Drinking Water Treatment At its simplest level, drinking water treatment seeks to remove turbidity (solids) and pathogens. Additional treatment may be applied to deal with specific problems, e.g. hardness and chemical contamination. The drinking water treatment includes five steps: coagulation, flocculation, sedimentation, filtration and disinfection
Coagulation The process in which the negative charge on particles is neutralized, usually by addition of positive charges such as those provided by alum. The neutralization of particles allows them to clump together forming larger particles which are easier to settle. Aluminum sulfate or iron chloride
Flocculation The slow mixing process in which particles that have had their charge neutralized (coagulation) are encouraged to clump together with other particles, creating larger masses that will settle more rapidly.
Sedimentation Settling The water flows to a tank called a sedimentation basin where gravity causes the flocs to settle to the bottom. Large particles settle more rapidly than small particles. The clarified water, with most of the particles removed, moves on to the filtration step where the finer particles are removed.
Filtration The process of passing water through a filter to remove particles. In water treatment, the filter material is typically sand, sometimes with a layer of anthracite (coal) above.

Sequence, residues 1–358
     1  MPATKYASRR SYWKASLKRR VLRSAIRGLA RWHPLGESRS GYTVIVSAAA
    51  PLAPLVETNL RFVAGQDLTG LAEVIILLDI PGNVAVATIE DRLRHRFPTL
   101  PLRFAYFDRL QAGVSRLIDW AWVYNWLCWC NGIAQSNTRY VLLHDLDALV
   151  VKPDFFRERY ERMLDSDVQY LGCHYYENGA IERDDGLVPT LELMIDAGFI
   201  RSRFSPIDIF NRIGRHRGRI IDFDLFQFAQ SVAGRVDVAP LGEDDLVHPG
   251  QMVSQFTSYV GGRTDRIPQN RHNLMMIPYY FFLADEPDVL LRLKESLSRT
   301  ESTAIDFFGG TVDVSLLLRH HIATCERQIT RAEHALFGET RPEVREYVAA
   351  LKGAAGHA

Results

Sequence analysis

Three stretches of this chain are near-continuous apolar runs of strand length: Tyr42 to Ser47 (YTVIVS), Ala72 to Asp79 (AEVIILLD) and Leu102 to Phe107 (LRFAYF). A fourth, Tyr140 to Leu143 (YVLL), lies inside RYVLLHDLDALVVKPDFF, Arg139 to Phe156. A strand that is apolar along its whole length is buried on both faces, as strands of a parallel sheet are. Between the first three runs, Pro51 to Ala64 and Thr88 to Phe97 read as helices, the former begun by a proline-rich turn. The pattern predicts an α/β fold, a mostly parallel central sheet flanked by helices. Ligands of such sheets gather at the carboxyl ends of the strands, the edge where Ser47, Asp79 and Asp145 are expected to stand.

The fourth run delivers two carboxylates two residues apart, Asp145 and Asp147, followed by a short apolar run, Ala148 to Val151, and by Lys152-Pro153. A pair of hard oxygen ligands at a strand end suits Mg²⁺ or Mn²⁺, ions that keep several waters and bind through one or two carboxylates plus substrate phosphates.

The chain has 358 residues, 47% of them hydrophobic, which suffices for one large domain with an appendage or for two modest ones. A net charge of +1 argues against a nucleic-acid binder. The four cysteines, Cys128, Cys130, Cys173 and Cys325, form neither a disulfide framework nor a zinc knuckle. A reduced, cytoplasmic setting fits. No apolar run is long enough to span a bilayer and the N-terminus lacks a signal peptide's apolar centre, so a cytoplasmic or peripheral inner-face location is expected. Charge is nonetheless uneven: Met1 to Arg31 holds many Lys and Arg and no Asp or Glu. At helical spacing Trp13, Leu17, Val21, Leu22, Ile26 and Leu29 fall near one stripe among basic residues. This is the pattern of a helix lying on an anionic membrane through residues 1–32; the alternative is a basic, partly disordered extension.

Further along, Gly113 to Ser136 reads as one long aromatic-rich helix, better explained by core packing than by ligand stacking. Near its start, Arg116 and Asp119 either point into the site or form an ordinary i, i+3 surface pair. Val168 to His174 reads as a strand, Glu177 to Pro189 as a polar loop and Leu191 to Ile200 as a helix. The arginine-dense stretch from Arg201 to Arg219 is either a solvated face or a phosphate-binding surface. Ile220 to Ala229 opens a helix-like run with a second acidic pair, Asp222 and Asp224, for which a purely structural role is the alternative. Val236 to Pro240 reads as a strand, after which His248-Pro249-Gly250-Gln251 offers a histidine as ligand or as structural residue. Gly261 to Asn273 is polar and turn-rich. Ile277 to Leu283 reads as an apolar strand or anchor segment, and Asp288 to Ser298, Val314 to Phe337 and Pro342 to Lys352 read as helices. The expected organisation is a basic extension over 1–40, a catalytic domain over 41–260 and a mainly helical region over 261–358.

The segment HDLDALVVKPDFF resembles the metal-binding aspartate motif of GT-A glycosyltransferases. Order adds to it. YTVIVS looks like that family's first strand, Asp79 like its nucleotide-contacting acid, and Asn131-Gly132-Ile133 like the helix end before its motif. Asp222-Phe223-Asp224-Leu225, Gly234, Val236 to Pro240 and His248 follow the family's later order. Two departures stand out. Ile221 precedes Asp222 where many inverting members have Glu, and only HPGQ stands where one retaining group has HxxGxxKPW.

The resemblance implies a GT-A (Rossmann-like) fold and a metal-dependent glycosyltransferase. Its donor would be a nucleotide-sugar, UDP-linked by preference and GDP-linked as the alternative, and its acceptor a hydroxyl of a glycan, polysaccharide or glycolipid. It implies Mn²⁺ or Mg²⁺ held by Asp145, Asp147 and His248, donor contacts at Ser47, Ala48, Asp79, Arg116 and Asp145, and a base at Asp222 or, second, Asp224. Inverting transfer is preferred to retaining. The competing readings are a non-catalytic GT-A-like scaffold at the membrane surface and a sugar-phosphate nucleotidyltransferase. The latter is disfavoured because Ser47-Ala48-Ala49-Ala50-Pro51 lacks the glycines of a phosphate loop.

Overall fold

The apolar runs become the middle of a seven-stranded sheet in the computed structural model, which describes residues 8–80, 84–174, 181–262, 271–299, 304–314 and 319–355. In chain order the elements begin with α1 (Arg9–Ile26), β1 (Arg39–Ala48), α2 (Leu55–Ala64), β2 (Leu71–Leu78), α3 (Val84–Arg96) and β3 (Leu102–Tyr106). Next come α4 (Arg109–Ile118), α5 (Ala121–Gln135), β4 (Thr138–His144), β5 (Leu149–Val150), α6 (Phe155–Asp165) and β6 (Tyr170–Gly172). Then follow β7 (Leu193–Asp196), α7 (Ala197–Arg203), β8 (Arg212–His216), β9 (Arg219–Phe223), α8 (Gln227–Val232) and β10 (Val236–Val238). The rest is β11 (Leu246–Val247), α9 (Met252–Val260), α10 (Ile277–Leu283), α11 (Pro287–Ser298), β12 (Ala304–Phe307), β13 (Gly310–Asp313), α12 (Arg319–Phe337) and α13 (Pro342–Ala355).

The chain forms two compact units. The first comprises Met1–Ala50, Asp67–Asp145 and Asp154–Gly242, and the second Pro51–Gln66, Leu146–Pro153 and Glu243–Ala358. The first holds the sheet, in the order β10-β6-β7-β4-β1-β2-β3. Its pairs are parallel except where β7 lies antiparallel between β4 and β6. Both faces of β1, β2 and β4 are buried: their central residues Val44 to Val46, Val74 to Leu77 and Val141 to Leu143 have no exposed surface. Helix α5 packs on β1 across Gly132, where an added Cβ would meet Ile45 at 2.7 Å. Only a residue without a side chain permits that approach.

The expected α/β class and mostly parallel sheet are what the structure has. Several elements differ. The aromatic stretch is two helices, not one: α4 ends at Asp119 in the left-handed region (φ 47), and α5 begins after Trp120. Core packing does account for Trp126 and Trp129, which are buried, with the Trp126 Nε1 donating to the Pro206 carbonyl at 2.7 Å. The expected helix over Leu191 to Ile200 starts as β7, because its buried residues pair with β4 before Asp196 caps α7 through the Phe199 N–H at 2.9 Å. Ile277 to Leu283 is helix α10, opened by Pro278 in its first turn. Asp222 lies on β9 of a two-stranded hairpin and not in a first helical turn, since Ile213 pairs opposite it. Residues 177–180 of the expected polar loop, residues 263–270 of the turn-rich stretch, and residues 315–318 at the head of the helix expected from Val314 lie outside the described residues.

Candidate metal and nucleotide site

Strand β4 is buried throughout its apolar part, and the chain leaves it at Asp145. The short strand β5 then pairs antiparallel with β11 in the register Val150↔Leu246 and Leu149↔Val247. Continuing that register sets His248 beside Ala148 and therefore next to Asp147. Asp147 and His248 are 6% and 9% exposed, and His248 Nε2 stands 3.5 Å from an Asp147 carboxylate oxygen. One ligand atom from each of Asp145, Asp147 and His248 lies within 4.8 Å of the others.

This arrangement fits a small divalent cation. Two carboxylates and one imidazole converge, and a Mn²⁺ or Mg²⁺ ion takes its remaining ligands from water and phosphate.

Disinfection The most common disinfection method involves some form of clorine or its compounds. Chlorine is a strong oxidant that rapidly kills many harmful micro-organisms. Ultraviolet light’s disinfection
Wastewater Treatment The purpose of wastewater treatment is to reduce the level of contamination in the water so that it can be safely returned to the environment.
Wastewater Treatment Preliminary treatment removes the materials contained in wastewater that may damage or interfere with later treatment steps. Primary settling removes the solid particles contained in wastewater. The process consists of allowing the water to flow into a large basin or tank, usually concrete or steel. During the 1.5 to 3 hour period the water is in the tank, the settleable contaminants fall to the tank bottom and are removed. Biological treatment utilizes microorganisms to convert most of the remaining contaminants from soluble and non-settling solids into settleable solids. Some portion of the organic materials will also be oxidized to carbon dioxide and water.
Wastewater Treatment Secondary settling is similar to primary settling. The purpose of advanced wastewater treatment is to remove nutrients such as nitrogen and phosphorus, convert ammonia to nitrate, or to increase the efficiency of the plant beyond the typical range of 85 to 95 % removal of pollutants. The purpose of sludge treatment is to destroy the pathogens contained in the sludge and to reduce its objectionable characteristics prior to ultimate disposal. The most common treatment methods are aerobic (with oxygen or air) and anaerobic (without air) biological processes.